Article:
Lion’s Head and Table Mountain are arguably the most popular hikes, mainly because the views each summit offer are second to none. They are quite tricky to navigate if you have little ones with you. I’d suggest packing a picnic and exploring the Newlands Forest.  If you’re willing to take a trip a little out of town, Kogelberg Biosphere is bursting with fragrant flora and enthusiastic fauna your kids will love frolicking in.

As always, pack enough water to keep yourselves hydrated and a few snacks to carry you through the leisurely cardio.


Cape Town offers a brag of blue flag beaches for you and your family to enjoy. I’ll always recommend Clifton 4th because it is one of the smaller, less frequented locations that will offer you and your party some privacy. Camps Bay is equally beautiful and is always full of enough families that your kids will be able to make a few new friends if you want to catch up on some reading.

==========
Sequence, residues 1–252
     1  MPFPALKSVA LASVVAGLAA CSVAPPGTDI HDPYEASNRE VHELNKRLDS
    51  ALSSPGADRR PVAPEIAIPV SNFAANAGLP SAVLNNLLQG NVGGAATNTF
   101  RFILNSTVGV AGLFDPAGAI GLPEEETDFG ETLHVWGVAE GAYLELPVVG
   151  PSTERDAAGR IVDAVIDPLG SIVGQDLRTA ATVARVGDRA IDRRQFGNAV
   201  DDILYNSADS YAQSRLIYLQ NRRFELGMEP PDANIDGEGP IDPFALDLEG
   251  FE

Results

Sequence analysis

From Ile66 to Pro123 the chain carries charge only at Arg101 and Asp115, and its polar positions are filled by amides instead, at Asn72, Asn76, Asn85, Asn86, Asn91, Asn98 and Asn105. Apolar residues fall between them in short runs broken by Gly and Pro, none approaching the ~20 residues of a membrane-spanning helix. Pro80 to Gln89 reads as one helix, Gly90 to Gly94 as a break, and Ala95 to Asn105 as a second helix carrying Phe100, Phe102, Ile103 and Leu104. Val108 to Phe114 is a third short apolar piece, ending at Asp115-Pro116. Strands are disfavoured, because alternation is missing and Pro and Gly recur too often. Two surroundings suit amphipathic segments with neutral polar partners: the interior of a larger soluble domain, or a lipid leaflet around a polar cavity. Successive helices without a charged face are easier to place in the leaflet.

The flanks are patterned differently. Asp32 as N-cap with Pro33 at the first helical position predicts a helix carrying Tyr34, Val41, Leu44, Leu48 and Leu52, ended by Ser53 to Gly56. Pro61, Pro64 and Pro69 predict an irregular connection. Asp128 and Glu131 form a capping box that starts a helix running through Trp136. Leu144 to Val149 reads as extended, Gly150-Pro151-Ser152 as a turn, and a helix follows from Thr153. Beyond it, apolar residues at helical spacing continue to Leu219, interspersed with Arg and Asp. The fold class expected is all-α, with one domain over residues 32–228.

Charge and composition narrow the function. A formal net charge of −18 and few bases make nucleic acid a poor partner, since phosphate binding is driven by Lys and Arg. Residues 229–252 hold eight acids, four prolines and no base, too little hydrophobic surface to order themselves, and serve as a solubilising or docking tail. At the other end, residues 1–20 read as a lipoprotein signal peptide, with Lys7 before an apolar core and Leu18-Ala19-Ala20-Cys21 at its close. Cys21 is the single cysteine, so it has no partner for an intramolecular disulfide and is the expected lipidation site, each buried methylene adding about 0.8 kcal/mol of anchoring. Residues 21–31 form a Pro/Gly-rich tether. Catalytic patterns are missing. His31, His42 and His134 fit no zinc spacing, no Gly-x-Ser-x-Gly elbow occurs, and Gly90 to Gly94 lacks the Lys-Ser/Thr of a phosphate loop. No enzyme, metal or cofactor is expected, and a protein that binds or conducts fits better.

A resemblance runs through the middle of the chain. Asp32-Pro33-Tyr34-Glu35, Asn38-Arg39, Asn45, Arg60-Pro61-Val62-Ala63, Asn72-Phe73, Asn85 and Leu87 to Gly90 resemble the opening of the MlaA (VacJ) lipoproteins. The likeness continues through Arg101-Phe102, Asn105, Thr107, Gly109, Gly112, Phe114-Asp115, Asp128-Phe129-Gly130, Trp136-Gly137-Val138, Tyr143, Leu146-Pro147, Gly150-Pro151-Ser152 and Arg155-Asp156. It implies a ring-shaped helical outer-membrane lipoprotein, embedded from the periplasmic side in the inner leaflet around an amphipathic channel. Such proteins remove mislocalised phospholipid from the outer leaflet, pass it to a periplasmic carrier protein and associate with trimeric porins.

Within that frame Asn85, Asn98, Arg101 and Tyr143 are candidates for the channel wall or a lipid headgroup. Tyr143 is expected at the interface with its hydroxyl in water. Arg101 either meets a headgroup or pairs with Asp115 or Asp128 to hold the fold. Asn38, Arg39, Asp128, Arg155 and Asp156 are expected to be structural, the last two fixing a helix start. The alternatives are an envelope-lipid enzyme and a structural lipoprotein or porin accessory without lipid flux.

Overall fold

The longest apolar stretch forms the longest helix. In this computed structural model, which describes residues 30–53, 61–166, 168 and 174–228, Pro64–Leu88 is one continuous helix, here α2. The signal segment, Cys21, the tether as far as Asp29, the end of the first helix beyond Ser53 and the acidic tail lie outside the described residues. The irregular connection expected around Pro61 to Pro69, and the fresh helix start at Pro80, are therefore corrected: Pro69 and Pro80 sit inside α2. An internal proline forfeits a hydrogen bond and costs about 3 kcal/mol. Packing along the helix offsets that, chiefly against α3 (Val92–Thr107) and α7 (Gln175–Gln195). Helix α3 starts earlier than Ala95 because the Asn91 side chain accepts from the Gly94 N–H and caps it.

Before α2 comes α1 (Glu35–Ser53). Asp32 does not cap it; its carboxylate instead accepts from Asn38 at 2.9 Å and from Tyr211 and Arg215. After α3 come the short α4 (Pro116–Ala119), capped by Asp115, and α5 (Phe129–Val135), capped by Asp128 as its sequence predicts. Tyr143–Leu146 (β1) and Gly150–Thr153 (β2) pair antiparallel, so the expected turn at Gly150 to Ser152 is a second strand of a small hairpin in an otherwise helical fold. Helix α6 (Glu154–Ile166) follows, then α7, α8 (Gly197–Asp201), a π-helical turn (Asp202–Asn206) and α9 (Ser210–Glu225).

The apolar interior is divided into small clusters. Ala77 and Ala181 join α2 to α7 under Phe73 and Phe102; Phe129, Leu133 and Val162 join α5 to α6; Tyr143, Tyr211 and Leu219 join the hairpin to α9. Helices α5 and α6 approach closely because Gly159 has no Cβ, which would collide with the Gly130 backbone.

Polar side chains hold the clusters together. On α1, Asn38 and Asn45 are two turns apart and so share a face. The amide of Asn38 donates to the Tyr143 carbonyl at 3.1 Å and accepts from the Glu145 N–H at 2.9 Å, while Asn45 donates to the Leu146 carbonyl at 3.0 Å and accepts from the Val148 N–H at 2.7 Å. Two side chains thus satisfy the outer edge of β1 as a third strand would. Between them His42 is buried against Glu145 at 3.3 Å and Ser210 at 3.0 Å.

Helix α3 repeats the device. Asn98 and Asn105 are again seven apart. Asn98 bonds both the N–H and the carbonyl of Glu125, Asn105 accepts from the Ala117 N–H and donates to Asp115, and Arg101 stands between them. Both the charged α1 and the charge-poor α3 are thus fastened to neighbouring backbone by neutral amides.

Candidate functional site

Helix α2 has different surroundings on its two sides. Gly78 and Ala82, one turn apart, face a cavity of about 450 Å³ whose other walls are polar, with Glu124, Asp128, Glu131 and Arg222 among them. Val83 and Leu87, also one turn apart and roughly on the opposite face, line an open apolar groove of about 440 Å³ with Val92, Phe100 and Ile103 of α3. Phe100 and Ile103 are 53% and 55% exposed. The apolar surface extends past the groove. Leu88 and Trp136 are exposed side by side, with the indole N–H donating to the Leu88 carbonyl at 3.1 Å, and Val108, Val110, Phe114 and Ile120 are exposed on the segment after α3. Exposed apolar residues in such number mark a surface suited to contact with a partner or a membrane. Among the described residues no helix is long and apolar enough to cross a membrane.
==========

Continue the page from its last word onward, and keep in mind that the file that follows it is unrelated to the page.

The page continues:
If you forget your beach umbrella at home, fret not, there are a whole manner of rentable beach gear at most of the beaches. Don’t forget your sunscreen. If you’re going to brave the Atlantic Ocean water, you’ll definitely be laying in the direct sun to warm yourself back up. Protect your skin against those harsh rays.


I’ve heard tales of a mythical squirrel that wanders within the inner city public gardens. This elusive rodent doesn’t look like other rodents, if you want to solve the mystery of the squirrel, you’ll have to go and see for yourself. 

Company Gardens is a great place to spend the afternoon playing frisbee or having fun with the other animals that call this slice of bliss home.  You can get into some bird watching, marvel at the bouquet of flowers and trees that grow unbounded.